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Electromyogram explained in detail

Update: April, 16/2018 - 09:00
Needle EMG-Detection. — Photo courtesy of Hanoi French Hospital
Viet Nam News

by Dr. Christian Brosset*

What is an electromyogram?

Dr. Christian Brosset. — Photo courtesy of Hanoi French Hospital

Electromyogram (EMG) is a diagnostic procedure to evaluate the health and functioning of muscles and nerve cells that control them. These nerve cells are called moto neurons and they send electrical signals to the muscle, which reacts by contracting. An EMG translates these signals into graphs and numerical values that your neurologist can read and interpret. Neurologists consider the EMG an extension of the physical examination of the patient and it is the gold standard for the diagnosis of numerous disorders affecting the peripheral nervous system.

How is it done?

The examination is divided into two parts and takes approximately 45 minutes. No special preparation is required. The first part is a nerve conduction study (NCS), which uses electrodes taped to the skin to measure the speed and strength of the electrical signal travelling along your nerves and muscles. The second part is a needle EMG. A tiny needle is inserted into your muscle and the electrical activity in the muscle is recorded. The needle EMG may not be required for everyone; it can be performed in the outpatient department and you can go home afterwards.          

  • Nerve Conduction Study (NCS)-Stimulation Detection: A recording electrode will be placed on your skin, usually on your arms and/or legs to obtain measurements of your nerve impulses and the way in which muscles react to them. Another electrode will be used to stimulate the nerve. The stimulator produces small electrical pulses, which feel like a sharp tapping sensation. The process may be repeated for a number of nerves. A NCS measures the speed for a nerve impulse to travel along a nerve and how muscles respond to the signal. If the nerve is trapped, damaged or diseased then these signals will be slow and/or the amplitude of your muscular response, flatter.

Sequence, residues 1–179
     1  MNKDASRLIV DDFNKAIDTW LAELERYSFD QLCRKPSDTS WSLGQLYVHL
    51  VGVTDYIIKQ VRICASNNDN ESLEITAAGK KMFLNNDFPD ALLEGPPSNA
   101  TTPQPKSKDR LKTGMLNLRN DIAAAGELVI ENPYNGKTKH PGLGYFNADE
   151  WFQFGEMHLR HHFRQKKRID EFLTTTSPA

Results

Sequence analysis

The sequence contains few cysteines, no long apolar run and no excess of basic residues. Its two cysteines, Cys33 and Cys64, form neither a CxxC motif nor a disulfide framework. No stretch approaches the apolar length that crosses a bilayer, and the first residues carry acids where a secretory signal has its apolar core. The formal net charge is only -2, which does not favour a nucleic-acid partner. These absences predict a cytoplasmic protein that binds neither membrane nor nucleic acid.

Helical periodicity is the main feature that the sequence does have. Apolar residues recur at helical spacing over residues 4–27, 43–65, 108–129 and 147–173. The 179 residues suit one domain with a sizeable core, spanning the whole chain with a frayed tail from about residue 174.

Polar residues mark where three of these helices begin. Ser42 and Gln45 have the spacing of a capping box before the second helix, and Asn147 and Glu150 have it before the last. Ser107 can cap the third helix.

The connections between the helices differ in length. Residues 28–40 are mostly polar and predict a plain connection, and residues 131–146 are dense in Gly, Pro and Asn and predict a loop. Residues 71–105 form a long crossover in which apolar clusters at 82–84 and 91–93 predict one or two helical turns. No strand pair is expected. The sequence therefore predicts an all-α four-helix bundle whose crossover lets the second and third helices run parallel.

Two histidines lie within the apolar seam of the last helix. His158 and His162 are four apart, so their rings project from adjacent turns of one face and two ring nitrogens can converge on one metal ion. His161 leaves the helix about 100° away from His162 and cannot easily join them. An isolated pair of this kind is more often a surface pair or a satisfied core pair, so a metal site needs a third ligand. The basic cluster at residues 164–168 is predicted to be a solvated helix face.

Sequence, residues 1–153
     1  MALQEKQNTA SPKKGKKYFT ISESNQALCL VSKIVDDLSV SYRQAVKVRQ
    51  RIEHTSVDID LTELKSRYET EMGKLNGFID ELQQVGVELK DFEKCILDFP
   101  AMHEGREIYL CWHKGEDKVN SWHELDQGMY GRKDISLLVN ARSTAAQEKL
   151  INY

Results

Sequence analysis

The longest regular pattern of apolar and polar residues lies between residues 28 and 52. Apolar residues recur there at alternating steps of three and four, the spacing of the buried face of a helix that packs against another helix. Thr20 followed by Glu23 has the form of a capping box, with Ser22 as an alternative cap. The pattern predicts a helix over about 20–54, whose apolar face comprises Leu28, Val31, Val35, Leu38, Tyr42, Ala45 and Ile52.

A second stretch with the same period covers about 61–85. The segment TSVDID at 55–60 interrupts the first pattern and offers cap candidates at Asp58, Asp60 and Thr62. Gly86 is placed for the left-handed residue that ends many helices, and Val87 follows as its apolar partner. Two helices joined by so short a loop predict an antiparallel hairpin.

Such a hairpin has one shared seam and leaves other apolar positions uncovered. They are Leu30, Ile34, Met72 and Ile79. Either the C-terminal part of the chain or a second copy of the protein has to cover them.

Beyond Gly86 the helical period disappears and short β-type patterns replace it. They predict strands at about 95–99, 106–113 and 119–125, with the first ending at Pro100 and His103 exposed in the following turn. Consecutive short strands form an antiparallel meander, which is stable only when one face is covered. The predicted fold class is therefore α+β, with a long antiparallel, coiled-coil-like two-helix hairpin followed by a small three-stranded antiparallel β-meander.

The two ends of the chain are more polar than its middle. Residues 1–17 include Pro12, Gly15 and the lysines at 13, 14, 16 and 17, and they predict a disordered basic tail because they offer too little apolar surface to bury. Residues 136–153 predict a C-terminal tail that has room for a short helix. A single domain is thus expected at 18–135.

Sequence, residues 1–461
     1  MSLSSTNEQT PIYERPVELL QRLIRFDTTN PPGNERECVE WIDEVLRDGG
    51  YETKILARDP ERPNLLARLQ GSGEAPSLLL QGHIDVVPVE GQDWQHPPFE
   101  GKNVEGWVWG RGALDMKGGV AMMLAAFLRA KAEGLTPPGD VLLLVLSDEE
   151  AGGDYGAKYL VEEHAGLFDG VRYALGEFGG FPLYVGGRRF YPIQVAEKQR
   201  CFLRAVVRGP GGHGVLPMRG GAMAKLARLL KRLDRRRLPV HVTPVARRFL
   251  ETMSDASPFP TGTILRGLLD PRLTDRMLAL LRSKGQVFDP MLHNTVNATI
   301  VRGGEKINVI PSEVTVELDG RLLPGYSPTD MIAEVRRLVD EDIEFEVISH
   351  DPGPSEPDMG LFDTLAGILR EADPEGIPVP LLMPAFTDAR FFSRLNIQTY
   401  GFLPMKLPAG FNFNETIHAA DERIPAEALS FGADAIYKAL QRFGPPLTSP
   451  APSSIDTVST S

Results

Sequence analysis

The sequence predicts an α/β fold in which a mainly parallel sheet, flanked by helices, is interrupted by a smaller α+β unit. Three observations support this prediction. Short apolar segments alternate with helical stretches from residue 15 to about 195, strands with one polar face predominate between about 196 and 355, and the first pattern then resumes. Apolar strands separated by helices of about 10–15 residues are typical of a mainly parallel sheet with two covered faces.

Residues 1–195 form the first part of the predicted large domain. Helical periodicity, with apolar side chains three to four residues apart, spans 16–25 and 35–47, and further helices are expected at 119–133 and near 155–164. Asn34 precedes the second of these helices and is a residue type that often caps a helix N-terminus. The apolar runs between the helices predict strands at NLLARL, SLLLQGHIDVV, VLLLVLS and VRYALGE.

• Needle EMG-Detection: During a needle EMG, the electrical activity of your muscles is measured at rest and after muscle contraction, which is directly recorded by inserting a small needle electrode into your muscle(s). The needles are different and smaller than the needles used for injection of medications, so discomfort is much less. This part of the examination is necessary for the diagnosis of conditions such as sciatica or cervico-brachial neuralgia. For such conditions, the NCS will show normal readings and they can only be detected by needle EMG. It is also the gold standard for the detection of all muscle pathologies, such as myopathies, myositis, or muscular dystrophies.

Why is it done?